While the rail network that spreads across Sri Lanka covers some of the most important destinations, it is still very limited in connections between the main touristic spots.
We initially decided to travel from Elle to Arugam Bay but due to hustle of finding a convenient route in terms of travel time and expenses, we felt more pleased by the idea to travel to the northeast coast and visit on the way the architectural wonders in the heart of the country.
Our plan was to continue going north following the railway network, which meant returning to Kandy, where we reserved more time to explore the city, as we didn’t have a proper chance to do so during our first stop here. Read more about our time in Kandy.
An interesting aspect about trains in Sri Lanka is the difficulty to get a seat. Reserved seats (available for first and second class only) are most of the time sold out and unreserved tickets usually “reserve” travelers the chance to taste the authentic experience of being trapped and squished for hours between luggage and people. We had an uncomfortable experience when traveling from Colombo to Kandy. It was interesting and somehow fun in the beginning, but three hours later we knew it wasn’t something we wanted to try again soon.
Dambulla in northern-center of Sri Lanka
After failing to get reserved seats for the train to Trincomalee, we took a morning bus to Dambulla, a small city but an important access gate to almost any place in the country through a complex network of buses that uses the city as one of the main connection points.
We spent only three days in Dambulla and decided to use the last hours of the arrival day to visit the famous cave temple (also known as the Golden Temple of Dambulla) situated at the entrance in the city. We were part of the last group of visitors allowed to climb the stairs of the temple, shortly before sunset, which we found very convenient and pleasant in the absence of the larger groups. When visiting Buddhist temples, a proper dress code must be followed. I was wearing shorts that day, which is not accepted at the entrance in any temple, but the person at the gate was kind enough to borrow me a scarf to cover my legs… the gesture was nice, although a pink scarf didn’t really reflect my preferences in choosing colors to wear.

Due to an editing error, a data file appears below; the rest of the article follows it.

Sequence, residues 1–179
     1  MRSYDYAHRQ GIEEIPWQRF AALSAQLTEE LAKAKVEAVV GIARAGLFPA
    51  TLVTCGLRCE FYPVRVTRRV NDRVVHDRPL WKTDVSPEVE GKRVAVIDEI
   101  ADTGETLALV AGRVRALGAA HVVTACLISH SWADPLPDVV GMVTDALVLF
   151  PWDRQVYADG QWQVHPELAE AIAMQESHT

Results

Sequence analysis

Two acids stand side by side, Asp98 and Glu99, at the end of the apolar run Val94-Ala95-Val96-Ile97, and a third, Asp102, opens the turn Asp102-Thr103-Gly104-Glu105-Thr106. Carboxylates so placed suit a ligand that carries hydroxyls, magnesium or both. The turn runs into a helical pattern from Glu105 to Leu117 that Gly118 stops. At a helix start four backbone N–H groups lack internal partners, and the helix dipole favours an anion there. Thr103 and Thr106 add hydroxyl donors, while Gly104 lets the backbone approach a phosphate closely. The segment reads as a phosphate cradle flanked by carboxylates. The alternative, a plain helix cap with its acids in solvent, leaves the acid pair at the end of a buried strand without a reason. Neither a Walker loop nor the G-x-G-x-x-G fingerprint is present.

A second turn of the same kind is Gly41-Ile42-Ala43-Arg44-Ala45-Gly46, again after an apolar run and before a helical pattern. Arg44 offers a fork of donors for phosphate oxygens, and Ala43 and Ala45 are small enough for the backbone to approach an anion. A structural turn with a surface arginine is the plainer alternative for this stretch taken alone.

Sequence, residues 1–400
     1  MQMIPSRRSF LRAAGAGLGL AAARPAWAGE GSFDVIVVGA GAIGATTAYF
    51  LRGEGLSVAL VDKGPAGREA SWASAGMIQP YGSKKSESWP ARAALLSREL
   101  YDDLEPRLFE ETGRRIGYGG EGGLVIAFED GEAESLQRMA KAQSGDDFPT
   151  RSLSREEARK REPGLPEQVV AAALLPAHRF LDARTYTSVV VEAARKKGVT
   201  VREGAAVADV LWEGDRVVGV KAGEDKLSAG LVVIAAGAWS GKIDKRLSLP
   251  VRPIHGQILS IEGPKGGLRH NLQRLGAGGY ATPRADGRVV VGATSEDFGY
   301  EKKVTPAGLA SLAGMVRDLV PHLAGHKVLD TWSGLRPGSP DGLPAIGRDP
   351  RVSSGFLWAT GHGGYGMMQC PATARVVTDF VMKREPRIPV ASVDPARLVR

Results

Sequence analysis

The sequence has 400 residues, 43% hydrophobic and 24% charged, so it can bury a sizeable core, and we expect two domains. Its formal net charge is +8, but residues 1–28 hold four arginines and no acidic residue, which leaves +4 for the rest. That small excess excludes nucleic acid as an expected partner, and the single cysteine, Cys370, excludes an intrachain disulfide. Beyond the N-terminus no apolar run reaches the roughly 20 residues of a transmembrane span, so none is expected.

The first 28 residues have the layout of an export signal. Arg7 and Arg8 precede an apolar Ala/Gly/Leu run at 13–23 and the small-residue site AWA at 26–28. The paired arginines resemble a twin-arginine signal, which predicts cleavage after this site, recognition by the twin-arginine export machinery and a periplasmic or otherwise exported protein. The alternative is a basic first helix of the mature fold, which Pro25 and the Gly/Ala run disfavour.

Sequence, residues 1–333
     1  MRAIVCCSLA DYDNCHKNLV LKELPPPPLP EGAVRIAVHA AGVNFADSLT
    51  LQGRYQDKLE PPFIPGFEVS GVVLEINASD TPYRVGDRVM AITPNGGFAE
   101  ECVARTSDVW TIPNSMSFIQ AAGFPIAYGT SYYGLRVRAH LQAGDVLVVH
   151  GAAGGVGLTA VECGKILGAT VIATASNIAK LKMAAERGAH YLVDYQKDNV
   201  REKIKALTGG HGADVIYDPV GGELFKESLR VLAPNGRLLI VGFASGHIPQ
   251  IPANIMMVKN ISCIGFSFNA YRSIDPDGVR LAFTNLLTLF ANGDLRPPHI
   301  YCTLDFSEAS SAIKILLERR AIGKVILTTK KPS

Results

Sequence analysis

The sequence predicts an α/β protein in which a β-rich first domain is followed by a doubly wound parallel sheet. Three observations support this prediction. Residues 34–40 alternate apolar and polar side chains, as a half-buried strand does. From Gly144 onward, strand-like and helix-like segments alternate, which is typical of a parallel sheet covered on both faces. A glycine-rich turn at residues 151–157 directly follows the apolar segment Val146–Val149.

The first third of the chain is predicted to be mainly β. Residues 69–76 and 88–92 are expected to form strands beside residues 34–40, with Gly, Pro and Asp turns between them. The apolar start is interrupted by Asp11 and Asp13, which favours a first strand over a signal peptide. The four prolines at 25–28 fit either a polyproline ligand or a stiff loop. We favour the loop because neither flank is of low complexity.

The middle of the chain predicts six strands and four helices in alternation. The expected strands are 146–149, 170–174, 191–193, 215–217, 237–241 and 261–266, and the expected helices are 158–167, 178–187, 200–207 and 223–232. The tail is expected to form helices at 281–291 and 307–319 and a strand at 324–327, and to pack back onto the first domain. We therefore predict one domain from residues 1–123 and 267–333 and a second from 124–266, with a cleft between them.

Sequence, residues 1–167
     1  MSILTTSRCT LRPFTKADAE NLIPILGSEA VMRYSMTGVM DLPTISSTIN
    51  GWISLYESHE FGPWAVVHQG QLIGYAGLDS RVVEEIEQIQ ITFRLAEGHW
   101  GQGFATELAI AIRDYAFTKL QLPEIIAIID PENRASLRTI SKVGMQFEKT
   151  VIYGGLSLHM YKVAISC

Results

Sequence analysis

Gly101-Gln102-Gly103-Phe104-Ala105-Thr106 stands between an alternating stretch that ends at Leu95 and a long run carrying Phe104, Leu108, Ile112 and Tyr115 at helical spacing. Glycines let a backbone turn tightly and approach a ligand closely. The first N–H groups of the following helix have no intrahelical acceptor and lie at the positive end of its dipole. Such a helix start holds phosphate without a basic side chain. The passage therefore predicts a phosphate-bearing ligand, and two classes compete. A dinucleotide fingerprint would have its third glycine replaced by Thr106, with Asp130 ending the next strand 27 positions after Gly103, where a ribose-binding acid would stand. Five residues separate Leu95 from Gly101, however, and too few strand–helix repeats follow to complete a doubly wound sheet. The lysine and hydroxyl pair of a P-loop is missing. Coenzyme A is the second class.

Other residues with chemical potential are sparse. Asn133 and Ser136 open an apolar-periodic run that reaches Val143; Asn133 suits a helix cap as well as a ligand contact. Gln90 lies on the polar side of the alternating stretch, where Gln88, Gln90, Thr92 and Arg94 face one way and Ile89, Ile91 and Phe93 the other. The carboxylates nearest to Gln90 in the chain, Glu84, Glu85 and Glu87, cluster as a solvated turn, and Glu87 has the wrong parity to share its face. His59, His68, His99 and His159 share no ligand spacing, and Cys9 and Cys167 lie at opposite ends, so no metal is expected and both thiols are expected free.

The temple includes a series of chambers, which represent divisions of a bigger cave filled with statues of Buddha. At the end of our visit, we were rewarded with a spectacular view from the height of the rock on top of which the temple is placed while the golden light of the last hour of the day left its last traces on the sky.
We returned to the city, searching for a place to dine and planned to get an early sleep as we wanted to catch the sunrise on the top of the Pidurangala Rock in Sigiriya.
The Pidurangala Rock in Sigiriya
At hour arrival in Dambulla, a friendly tuk-tuk driver offered us a tempting cheap ride to our accommodation in return for the chance to propose us a sunrise tour to Sigiriya and back, which we happily accepted. We agreed on a price of 15000 rupees, which we could have easily negotiated, but given the early departure and the distance to cover, we thought it was a fair price to pay.
At 4 o’clock in the morning the tuk-tuk driver picked us up in front of the hostel and we drove for more than 20 km in complete darkness till the entrance of the rock temple, where we were asked to pay an entrance fee of 500 rupees. A few other people arrived at the same time and together we started climbing up the stairs to the top of the rock. The Pidurangala Rock is less impressive than the Lion Rock, but surely less touristic, which made it our choice for a spectacular sunrise spot. The hike to the top is less than 30 minutes long and, while not very difficult, we advise wearing proper shoes as some parts are harder to climb and in the presence of humidity it can be very slippery.
The sunrise at the top was truly spectacular and the view over the surroundings beautiful to experience. And to make the journey more complete, after the return at parking space, our driver took us to the shore of the lake in the vicinity of the two rocks, from where we could watch their reflection of the water.
We returned to Dambulla in time for a late breakfast and a long nap after.
On the third day we were planning to visit more of the Ancient city of Sigiriya and extend our day-tour with a visit of Polonnaruwa, but in the following morning we realized how tiring the last days through the country have been and how much our energy levels dropped, so we turned our plans of exploring the surroundings into plans to rest and recover. Polonnaruwa will have to wait until our future visit to Sri Lanka.
A direct bus from Dambulla to Trincomalee brought us a day later to the seaside on the northeast coast of Sri Lanka, a country so small in size but so rich in experiences.
See more pictures from Dambulla and Sigiriya here.